Asserting yourself appropriately doesn't necessarily involve creating a scene - you don't have to scream at the dealer manager or service advisers at the top of your lungs to calmly tell them that you _just_ did them the favor of purchasing the vehicle from them, didn't notice that the rear tires are mismatched, fully expected them to be and that this mismatching has the potential to make the car unsafe to drive in any kind of inclement weather, and if they refuse to obtain _one_ tire to make a matched set on the rear, that you will never consider them again for any future service or vehicle purchase, report the worst possible customer service rating to BMW North America, additionally verbally relay your displeasure with a call to BMW NA customer service, and tell anyone you know who might consider the dealership for anything whatsoever to avoid the dealership like the plague.

    If you just walk away unhappy that they didn't respond to your first request (which I agree, they should), then they will never know that it's unacceptable to treat customers with such disregard. If you at least relay why you feel they should address your concerns, then you're at least asserting your point and even if they ultimately refuse to do anything, they will have had to face up, at least to some degree, to sticking mismatched tires on an expensive, relatively new high-performance car - &, perhaps, you will have raised their awareness so there's the potential they might make a better choice in the future which could help others, even if it doesn't resolve your problem this time.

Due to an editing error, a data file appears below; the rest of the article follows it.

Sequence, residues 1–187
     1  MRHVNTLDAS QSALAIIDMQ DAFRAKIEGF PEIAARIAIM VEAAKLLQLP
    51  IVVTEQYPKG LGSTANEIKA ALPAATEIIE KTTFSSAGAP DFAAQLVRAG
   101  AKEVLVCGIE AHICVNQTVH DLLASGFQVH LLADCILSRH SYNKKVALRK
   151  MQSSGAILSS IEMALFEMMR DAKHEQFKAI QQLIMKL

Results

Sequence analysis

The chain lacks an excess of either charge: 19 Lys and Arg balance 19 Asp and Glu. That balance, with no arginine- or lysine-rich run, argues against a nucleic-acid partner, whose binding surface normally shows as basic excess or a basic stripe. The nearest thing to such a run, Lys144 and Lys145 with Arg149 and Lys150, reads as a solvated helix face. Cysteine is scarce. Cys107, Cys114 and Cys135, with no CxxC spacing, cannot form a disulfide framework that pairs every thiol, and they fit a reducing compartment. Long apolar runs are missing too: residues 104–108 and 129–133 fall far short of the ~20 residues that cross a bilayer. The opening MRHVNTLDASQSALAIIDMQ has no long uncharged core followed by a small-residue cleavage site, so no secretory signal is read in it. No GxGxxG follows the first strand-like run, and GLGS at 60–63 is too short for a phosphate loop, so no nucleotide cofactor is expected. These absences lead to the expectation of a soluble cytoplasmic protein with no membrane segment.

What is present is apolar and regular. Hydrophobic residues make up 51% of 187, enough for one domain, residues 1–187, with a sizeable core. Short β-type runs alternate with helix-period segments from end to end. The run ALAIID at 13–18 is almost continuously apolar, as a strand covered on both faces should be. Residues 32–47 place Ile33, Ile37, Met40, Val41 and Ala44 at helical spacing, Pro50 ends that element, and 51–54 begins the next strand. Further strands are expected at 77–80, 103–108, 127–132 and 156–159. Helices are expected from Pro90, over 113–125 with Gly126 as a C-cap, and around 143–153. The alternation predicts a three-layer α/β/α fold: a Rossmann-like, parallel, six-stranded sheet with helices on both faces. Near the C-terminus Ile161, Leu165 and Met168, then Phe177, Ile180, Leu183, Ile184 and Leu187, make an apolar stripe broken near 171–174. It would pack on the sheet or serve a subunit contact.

It probably would be worth mentioning that this interaction could well be the deciding factor in which dealership you'll consider for your next vehicle purchase, which you fully expect to be an M5. Good luck working it out, whatever you decide to do!
    sholaisen likes this.
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    Pyewacket1

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    First of all, I understand your predicament, and I think it's perfectly reasonable to expect a set of matched tires on a BMW such as yours.

    But, it was purchased on an "as is" basis, so there isn't much legal standing for you, and even if there was, you would no doubt spend more on legal expenses than you would simply going out and buying a matching tire.

    You say you spoke with the dealer, but "who" at the dealer? Salesman, manager, or someone else? If it was the head honcho, you are going to get nothing else pursuing this but higher blood pressure.

    Lastly, while I know it's tempting to use the lure of buying another car as leverage, I can tell you that tactic will get you nowhere. It's a commonly used one, and dealerships probably hear that on a daily basis. I have found that using the tactic of "doing what's right", and simply asking for that to be done in your case, works far better than the "threat" of taking your "possible business" elsewhere. Sort of the bird in the hand .vs. the two in the bush, as far as the dealer is concerned.